• Poor Anne Rice. Recognizing that she does not claim to be a theologian, I had some kind words for her Christ the Lord: The Road to Cana. Christopher Badeaux, writing in the Baptist magazine The City, is not prepared to let her off so easily. He allows that she obviously wants to be an orthodox Catholic, but she gets the two natures in Christ, human and divine, into a terrible muddle. He writes: “Indeed, the divine nature seems like a hectoring scold, a lumbering brute, always on the edge of breaking down poor Yeshua and destroying his psyche and his world. (Again, his terrified, weary reaction to this is what makes the human Yeshua so compelling.) This Jesus does not merely laugh, he all but lusts (chastely, to be sure). His humanity is not remotely in doubt. His divinity is. Yet over the course of the book, Jesus transforms into the Christ, like an evolving caterpillar without a real need for the cocoon before becoming a butterfly.” She has not, he says, escaped from the literary genres that made her famous. “To anyone trying to grapple with the mystery of the Incarnation, it seems oddly abrupt, and at least as importantly, clearly a reflection of Rice's thirty-year immersion in modern American science fiction and fantasy. The story of the young man thrust into an impossible world who rapidly grows superpowers and rises to the fore in the space of mere months is a peculiarly twentieth-century twist on an old archetype, and Rice's Yeshua is such a protagonist.” The outcome is predictable: “As a result, after the baptism in the Jordan, her Christ swings almost 180 degrees and becomes an Eutychianist Monophysite Christ almost instantaneously, his human nature extinguished in all but name. That humanity becomes mere window dressing for his suddenly undeniably divine existence. Rice tries to, but cannot, salvage the man from the overbearing divine. All of the talk of hunger, of pangs of love, of regret, even of affection for his mother, seem like window dressing for a God who walks among men, who condescends to stand in time with his creation before leaving it.” You will remember that Monophysites contended that Christ really had only one nature, and Eutyches was a fifth-century heretic who said Christ's human nature was not consubstantial with ours. These confusions were addressed by the Council of Chalcedon in 451. If Christ the Lord: The Road to Cana was presented as a doctrinal treatise on Christology, Badeaux's strictures would be entirely in order. But please, Rice is doing something quite different. Hers is an exercise of the devout imagination, more along the lines of the spirituality of Ignatius Loyola and others who encourage us to enter into the biblical narrative, composing and reconstructing events as though we were there. Of course nobody can adequately describe the experienced reality of being both God and man since nobody else is true God and true man as Christ was and is. To ponder, explore, meditate upon, and in some small way attempt to penetrate the mystery of the Incarnation is not to be confused with explaining the mystery. Nicea and Chalcedon do not claim to explain the mystery but only to provide the language appropriate to thinking about it. Attempting, with difficulty, to remain within that “rule of faith,” Anne Rice offers a suggestive narrative of a truth that surpasses understanding and she should, I think, be cut considerable slack. She does not presume to have done adequately what cannot be done, but she is to be credited with provoking her readers to think their way more deeply into the bottomless truth of what we will really know only when we know as we are known (1 Cor. 13).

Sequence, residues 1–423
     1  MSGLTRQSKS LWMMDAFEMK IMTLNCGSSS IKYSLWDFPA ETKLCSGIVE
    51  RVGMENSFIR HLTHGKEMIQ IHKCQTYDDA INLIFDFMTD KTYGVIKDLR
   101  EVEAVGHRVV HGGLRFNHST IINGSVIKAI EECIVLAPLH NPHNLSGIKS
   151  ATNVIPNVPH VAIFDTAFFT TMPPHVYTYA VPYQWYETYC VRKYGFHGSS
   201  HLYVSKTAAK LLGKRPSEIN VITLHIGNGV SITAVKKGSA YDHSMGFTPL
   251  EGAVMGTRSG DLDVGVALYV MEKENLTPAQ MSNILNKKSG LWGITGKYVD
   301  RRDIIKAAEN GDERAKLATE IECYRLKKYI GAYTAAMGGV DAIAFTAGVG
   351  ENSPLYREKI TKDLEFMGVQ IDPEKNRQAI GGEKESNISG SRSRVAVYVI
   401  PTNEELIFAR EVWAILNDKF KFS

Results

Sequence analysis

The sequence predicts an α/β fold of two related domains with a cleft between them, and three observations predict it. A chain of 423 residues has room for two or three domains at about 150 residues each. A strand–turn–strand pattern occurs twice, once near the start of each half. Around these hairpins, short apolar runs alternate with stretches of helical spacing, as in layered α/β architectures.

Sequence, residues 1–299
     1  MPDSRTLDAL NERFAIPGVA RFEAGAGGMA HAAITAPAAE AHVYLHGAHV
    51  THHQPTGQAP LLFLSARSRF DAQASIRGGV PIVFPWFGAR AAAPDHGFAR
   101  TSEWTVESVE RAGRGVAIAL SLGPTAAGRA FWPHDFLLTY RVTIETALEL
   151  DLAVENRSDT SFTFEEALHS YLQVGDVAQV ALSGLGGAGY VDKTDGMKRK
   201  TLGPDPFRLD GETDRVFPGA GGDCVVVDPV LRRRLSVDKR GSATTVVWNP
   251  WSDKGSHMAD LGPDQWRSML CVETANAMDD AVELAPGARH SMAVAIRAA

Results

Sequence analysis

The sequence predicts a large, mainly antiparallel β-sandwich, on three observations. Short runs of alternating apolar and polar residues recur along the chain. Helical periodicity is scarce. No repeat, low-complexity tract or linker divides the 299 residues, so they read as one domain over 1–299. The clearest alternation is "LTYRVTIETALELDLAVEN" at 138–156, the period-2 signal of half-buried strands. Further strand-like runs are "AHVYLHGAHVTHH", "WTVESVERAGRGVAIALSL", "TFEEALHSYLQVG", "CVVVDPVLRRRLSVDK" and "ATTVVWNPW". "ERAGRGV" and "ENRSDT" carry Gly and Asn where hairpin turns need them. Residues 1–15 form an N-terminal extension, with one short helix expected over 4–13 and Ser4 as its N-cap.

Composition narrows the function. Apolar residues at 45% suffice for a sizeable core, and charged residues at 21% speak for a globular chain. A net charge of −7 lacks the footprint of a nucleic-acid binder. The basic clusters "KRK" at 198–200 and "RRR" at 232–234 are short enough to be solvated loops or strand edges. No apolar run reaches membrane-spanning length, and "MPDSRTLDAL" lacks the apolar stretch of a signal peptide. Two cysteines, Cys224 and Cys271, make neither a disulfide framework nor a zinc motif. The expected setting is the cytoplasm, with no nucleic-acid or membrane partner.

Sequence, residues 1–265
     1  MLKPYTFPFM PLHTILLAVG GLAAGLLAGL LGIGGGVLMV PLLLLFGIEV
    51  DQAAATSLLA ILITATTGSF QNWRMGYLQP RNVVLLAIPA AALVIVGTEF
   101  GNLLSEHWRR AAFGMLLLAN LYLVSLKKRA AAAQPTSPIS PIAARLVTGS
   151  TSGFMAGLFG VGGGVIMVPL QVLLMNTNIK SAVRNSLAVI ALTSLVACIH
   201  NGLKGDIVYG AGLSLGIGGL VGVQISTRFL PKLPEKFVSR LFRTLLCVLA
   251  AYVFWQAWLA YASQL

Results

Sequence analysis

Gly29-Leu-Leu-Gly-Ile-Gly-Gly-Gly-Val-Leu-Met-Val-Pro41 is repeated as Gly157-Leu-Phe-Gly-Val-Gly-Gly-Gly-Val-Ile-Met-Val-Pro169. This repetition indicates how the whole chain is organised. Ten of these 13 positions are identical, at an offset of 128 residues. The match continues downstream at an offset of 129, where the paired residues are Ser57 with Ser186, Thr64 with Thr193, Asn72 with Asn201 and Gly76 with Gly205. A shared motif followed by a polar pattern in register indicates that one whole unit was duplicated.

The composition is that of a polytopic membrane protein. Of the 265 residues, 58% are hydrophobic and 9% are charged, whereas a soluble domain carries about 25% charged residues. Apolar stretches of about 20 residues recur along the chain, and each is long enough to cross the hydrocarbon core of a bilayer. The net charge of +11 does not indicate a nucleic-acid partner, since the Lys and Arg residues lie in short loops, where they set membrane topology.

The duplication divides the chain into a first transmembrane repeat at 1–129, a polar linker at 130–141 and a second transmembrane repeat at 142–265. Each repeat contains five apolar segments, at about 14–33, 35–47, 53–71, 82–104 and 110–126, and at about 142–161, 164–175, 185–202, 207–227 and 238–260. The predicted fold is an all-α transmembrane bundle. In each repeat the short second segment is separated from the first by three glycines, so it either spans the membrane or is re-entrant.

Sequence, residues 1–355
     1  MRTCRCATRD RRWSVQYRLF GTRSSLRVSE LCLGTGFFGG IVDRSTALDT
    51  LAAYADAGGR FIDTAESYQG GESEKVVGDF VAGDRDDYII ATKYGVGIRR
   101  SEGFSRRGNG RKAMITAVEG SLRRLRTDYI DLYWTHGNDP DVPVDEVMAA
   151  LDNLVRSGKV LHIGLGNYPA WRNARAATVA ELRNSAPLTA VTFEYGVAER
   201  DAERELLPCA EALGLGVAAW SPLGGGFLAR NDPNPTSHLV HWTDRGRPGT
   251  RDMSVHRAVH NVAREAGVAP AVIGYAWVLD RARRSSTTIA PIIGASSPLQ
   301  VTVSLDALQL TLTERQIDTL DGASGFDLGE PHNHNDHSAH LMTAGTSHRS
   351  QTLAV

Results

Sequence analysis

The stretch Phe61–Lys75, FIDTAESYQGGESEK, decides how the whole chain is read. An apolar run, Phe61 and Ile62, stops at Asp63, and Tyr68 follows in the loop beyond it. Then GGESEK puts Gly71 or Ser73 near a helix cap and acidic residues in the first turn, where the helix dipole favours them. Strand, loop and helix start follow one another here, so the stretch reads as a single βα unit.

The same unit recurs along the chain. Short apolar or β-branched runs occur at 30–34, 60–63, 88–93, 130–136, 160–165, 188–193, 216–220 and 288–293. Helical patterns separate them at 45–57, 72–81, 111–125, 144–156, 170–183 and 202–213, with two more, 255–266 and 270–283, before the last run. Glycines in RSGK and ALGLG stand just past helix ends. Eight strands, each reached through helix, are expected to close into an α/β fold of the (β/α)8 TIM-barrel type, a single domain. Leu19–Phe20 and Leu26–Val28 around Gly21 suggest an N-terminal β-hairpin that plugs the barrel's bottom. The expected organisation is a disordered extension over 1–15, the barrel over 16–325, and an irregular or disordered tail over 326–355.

• As you probably know, David Bentley Hart is a man who knows his mind and is not reticent in letting you know it too. Now he has brought together a book of essays and occasional pieces, most of which appeared in First Things. But I would understand if you wanted to read them again, as well as those that appeared elsewhere. The book is In the Aftermath: Provocations and Laments, and it is published by Eerdmans. In the introduction he writes, “Editors, moreover, will insist on making small changes in what one writes, even when no particular improvement is discernible as a result.” Of course he does not mean our editors. I think. “In these articles,” Hart writes, “I have given my natural inclinations towards satire and towards wantonly profligate turns of phrase far freer rein than academic writing permits. . . . One feature of my style for which I am not inclined to feel penitent, but for which reason tells me I ought to offer some apology, is an occasional want of restraint, most particularly in my expressions of distaste for an idea or for the mind that produced it. . . . My only defense—apart from confessing my sense that imperturbably mild manners often make for boring copy—is that I have never intentionally used language I thought disproportionately fierce in regard to any proposition or any thinker, and that in reviewing these essays I cannot honestly find an instance of invective I particularly regret.” Yes, it is invective, but in the good sense of the word. He allows that perhaps his “most savage personal remarks” are in the essay on bioethicist Joseph Fletcher. “They still do not seem unwarranted to me given the altogether loathsome nature of Fletcher's ideas and the scandal that so many of our tenured intellectuals do not recoil from those ideas with the horror and revulsion they merit.” The intelligence of David Hart is not in dispute. His style is not everyone's cup of tea. As for me: Yes please, with two sugars.